Daniel Devlin

Daniel Devlin

Daniel Joseph Devlin (1814 – February 22, 1867) was a prosperous businessman, City Chamberlain, and prominent citizen of New York City.

Devlin was born at Buncrana, County Donegal, Ireland, in 1814. As a young merchant tailor, he emigrated to America in 1833. Three younger brothers later joined him in America; two sisters, and a brother who became a Catholic priest, remained in Ireland. Daniel Devlin moved to Louisville, Kentucky, and is believed to have worked for a time as a steamboat clerk on the Ohio and Mississippi rivers, which led him to encourage his brother William Devlin to establish himself in Louisiana. Devlin founded a jeans manufacturing company in Louisville, and later moved to New York City, where he and two of his brothers established a clothing company, Devlin Brothers. Daniel Devlin was named City Chamberlain of New York in 1861, and remained in that position until his death.

After the outbreak of the American Civil War, he headed the executive committee charged with recruitment and financing for the Irish Brigade of the Union Army. In politics, he was a Democrat, and played a prominent role in the New York State Democratic convention in 1864. He was a director of the Union Trust Company of New York, and a prominent Catholic layman who in 1863 helped found the Society for the Protection of Destitute Roman Catholic Children in the City of New York and in 1864 established a scholarship at St. Francis Xavier College.

Devlin died in New York on February 22, 1867. His brothers donated a stained glass window in his memory to St. Patrick's Cathedral, where it can be seen today.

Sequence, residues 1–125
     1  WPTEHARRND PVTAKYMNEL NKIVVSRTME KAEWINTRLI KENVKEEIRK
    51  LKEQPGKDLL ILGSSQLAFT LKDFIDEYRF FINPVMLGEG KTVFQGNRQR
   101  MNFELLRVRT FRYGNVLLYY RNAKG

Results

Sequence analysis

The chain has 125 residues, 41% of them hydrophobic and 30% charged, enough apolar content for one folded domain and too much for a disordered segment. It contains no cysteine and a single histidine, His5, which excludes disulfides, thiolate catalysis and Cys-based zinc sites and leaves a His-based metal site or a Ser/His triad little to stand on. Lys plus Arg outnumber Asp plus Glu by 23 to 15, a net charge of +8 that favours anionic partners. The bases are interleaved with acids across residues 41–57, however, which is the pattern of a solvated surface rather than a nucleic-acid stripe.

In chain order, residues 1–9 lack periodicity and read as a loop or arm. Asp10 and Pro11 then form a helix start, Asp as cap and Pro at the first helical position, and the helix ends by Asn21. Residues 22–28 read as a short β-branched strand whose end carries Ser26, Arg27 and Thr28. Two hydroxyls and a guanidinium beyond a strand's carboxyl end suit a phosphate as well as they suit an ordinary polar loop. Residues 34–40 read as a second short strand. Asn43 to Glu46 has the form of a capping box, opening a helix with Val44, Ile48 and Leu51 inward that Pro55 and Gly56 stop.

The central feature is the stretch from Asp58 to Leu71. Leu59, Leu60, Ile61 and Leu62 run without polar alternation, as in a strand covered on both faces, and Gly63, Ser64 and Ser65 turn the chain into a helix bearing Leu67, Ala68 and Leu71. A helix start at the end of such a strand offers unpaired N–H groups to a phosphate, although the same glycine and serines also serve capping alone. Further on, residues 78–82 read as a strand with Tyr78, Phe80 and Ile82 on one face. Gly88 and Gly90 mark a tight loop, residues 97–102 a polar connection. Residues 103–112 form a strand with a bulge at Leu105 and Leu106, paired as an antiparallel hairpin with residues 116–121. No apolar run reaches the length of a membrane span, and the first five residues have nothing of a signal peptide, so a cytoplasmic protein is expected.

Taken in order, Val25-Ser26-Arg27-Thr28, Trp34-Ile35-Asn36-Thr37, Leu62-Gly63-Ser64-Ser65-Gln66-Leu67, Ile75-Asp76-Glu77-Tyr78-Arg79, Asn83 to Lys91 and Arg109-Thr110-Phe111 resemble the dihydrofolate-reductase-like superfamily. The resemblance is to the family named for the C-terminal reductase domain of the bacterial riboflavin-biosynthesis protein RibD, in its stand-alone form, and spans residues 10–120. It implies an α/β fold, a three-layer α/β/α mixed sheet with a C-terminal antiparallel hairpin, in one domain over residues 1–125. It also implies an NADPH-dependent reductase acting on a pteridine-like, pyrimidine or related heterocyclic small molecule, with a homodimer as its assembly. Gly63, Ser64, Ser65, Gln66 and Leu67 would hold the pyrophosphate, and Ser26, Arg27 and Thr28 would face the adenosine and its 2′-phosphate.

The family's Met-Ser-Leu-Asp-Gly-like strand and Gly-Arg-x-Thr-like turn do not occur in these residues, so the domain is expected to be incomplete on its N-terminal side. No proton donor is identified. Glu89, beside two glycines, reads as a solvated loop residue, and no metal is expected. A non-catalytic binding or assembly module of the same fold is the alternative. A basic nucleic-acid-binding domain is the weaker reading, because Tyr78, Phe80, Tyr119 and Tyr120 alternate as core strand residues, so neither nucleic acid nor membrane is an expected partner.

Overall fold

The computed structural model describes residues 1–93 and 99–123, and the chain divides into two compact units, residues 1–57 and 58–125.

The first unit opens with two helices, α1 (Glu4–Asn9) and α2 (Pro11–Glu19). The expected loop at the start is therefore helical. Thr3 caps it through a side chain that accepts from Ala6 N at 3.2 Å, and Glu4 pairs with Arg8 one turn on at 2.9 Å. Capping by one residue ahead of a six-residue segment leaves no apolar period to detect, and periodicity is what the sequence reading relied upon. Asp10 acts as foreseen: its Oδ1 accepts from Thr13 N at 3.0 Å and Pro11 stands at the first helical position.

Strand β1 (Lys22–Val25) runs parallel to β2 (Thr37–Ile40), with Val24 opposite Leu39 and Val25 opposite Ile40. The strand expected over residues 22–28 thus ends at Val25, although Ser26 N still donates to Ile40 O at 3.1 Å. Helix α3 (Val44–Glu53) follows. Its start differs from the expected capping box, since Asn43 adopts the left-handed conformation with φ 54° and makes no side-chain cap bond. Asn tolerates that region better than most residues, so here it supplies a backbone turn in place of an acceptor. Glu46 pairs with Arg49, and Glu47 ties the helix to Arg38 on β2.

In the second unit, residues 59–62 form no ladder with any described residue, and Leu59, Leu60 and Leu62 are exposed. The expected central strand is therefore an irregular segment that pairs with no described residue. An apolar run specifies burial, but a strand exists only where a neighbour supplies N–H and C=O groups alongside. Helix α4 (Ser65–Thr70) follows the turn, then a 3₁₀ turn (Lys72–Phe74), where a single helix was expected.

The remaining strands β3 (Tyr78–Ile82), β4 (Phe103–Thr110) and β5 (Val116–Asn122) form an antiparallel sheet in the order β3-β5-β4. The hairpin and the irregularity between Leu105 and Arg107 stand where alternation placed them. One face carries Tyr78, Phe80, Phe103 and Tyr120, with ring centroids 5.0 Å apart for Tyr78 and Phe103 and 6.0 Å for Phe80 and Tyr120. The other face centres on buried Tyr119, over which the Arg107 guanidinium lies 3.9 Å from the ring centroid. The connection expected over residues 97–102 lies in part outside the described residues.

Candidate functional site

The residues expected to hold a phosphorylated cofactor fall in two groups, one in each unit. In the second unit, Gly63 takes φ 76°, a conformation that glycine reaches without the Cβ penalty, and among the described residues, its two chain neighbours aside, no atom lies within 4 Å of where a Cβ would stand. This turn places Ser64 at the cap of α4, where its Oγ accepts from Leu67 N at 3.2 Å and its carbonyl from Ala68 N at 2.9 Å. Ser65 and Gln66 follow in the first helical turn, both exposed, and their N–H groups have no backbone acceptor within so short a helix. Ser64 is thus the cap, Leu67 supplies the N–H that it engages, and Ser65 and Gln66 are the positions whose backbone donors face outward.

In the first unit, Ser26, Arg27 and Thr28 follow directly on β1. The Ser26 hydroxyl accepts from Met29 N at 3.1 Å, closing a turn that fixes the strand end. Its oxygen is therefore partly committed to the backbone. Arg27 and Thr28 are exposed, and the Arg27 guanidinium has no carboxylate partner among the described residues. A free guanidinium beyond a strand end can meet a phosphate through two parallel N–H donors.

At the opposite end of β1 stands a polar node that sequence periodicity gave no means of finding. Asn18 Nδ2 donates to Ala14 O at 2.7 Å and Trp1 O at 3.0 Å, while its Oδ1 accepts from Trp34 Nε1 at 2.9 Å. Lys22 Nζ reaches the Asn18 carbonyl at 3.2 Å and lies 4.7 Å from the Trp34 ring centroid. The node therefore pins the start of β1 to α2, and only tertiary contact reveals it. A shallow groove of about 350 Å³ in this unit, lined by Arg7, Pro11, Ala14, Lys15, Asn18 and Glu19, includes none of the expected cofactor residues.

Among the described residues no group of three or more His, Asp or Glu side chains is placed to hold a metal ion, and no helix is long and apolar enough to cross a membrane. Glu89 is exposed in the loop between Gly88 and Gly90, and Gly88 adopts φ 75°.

• National Archives & Records Administration, Washington, Microfilm publication M261, Roll 23 (records of arrivals in Port of New York, 1833).
  • The Irish Brigade. New York Times, November 11, 1861, 3.
  • Destitute Catholic Children. New York Times, June 7, 1863, 8.
  • Democratic State Convention. New York Times, September 16, 1864, 1.
  • Financial. New York Times, March 6, 1866, 6.
  • St. Francis Xavier's College - Sixteenth Annual Commencement. New York Times, July 7, 1866, 8.
  • Local Intelligence. New York Times, February 23, 1867, 3.
  • Devlin family archives.

Wikimedia Foundation. 2010.

Look at other dictionaries:

  • Daniel Conover — Daniel D. Conover Born 1822 New Jersey, United States Died August 15, 1896(1896 08 15) (aged 74) Bay Shore, New York Resting place Oakwood Cemetery N …   Wikipedia

  • Daniel Day-Lewis — Données clés Nom de naissance Daniel Michael Blake Day Lewis Naissance …   Wikipédia en Français

  • Daniel Jackson (Stargate) — Daniel Jackson Michael Shanks as Daniel Jackson (In the television series) First appearance Stargate Portrayed by James Spader (fil …   Wikipedia

  • Daniel Day-Lewis — Day Lewis in New York, 2007 Born Daniel Michael Blake Day Lewis 29 April 1957 …   Wikipedia

  • Daniel Wesley — Origin White Rock, British Columbia, Canada Genres Reggae, Alternative rock, Surf rock, Ska Years active 2006–present Website …   Wikipedia

  • Daniel Thomas (American football) — Daniel Thomas Thomas with the Dolphins in 2011 No. 33     Miami Dolphins Running back Personal information …   Wikipedia

  • Daniel and Esther Bartlett House — U.S. National Register of Historic Places …   Wikipedia

  • Daniel Keys Moran — Not to be confused with Daniel Keyes. Daniel Keys Moran Born Daniel Keys Moran November 30, 1962 (1962 11 30) (age 48) Occupation Computer Programmer, Writer Daniel Keys Moran (born November 30, 1962), also known by his initials DKM, is an… …   Wikipedia

  • Daniel Meehan — Father Daniel Meehan is a fictional character on the HBO prison drama, Oz, played by Malachy McCourt. Meehan was an ordained Catholic priest convicted for a violent disruption of a protest against Amicus Chemicals Corporation that he took part in …   Wikipedia

  • Charles Devlin — Born 1805 Ireland Died February 1, 1881(1881 02 01) (aged 76) Manhattan, New York, United States Cause of death Pneumonia Resting place …   Wikipedia

Share the article and excerpts

Direct link
Do a right-click on the link above
and select “Copy Link”